Matthew 6:26-29: Re-Creation – Flora and Fauna
Easter Thursday, April 20, 2017
When we consider the diversity of plant and animal life on planet Earth, we see the variety that pleases God; and so we might imitate that variety in our relationship with God’s creation. We might broaden our horizon to new thinking; we might open our view to varied opinions before we form our own.
When we consider the care God uses in creating our world, we might see that God lavishes love on all and does not reserve it for the few. We might consider processing our fears and anxieties through this same lens of love; we might work harder at loving all that plagues and worries us, allowing God’s presence to convert harm to goodness.
Look at the birds: they do not plant seeds, gather a harvest and put it in barns; yet your Father in heaven takes care of them! Aren’t you worth much more than birds? Can any of you live a bit longer by worrying about it?
Rather than see the animal kingdom as ours to control as we wish, we might think of ourselves as another manifestation in God’s marvelous kingdom of variety and complexity.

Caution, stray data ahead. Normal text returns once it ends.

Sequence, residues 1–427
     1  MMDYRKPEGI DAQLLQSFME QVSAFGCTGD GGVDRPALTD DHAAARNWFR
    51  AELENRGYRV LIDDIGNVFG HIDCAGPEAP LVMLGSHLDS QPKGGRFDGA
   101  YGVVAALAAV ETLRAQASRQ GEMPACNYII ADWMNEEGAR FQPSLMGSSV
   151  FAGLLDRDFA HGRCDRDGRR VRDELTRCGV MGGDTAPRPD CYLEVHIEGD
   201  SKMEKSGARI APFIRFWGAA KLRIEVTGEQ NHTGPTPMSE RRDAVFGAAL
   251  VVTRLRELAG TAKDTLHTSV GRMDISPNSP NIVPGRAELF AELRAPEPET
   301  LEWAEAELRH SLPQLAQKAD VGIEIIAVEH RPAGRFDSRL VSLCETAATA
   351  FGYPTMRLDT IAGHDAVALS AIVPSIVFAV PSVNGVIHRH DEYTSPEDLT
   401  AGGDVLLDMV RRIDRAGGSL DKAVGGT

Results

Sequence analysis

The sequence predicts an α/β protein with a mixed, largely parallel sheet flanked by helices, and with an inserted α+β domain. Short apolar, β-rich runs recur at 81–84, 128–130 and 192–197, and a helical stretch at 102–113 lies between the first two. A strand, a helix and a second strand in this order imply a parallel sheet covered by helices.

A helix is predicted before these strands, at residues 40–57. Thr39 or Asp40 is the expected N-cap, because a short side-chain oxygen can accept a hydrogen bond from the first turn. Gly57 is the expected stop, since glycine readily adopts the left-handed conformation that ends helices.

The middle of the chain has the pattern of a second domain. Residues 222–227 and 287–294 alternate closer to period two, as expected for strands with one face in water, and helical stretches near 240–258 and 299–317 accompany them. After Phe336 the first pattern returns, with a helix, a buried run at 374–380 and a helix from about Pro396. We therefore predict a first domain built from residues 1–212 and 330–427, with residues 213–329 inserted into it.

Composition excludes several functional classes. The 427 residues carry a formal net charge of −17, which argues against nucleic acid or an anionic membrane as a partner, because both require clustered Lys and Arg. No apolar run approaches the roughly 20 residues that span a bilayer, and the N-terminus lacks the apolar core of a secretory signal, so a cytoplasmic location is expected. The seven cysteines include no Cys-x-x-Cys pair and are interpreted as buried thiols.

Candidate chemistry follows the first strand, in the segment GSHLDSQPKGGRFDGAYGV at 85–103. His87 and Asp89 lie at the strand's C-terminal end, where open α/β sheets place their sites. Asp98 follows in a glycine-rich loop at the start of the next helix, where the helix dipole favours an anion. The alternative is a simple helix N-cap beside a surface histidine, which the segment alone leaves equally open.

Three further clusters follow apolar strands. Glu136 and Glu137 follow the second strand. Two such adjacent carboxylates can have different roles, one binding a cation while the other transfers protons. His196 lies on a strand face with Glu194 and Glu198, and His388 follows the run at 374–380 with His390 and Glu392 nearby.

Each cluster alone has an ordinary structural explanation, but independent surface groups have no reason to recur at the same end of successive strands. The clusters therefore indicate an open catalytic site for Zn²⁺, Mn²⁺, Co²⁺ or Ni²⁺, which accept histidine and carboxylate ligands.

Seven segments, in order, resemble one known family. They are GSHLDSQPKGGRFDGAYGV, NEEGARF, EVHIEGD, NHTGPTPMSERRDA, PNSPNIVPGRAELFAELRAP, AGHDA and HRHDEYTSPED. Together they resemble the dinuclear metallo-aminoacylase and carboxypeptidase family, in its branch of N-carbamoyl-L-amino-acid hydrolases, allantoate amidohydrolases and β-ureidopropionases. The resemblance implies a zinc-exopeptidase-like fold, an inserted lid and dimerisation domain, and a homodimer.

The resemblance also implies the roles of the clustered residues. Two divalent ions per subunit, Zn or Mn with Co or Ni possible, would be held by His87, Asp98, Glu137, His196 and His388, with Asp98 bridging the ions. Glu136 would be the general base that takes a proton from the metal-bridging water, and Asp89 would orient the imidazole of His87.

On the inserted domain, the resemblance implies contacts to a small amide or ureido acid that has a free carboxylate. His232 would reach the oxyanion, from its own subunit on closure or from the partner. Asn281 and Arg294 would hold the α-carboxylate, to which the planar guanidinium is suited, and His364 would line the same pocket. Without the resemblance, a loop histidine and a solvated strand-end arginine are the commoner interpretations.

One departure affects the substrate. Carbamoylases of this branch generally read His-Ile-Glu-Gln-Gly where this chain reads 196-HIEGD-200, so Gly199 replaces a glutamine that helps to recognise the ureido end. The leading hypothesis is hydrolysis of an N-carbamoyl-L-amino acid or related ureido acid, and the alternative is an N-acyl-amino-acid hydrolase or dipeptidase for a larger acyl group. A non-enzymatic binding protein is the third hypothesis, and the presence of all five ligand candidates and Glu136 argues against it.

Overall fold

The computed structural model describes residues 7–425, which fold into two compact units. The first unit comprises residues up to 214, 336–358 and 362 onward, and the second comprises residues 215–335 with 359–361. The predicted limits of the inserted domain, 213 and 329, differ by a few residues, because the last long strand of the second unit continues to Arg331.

And why worry about clothes? Look how the wild flowers grow: they do not work or make clothes for themselves. But I tell you that not even King Solomon with all his wealth had clothes as beautiful as one of these flowers.
Rather than see plant life as ours to use as we like, we might think of ourselves as sisters and brothers of the amazingly complex kingdom of intricacy and wonder.
Jesus tells us that when we consider the great love God bestows on all that surrounds us, we might remember that God has much more in mind for us than the panoply of wonder that greets our senses. This is a promise we see fulfilled each day as we step out into the world . . . if only we might have eyes to see and ears to hear.
To discover why St. Francis of Assisi is the patron of ecology, for eco-prayers and a guide for nature lovers, visit: http://www.praying-nature.com/index.php
To learn more about this spring’s desert bloom in the Anza-Borrego desert in the southwest of the USA, visit: http://www.abdnha.org/pages/03flora/reports/current.htm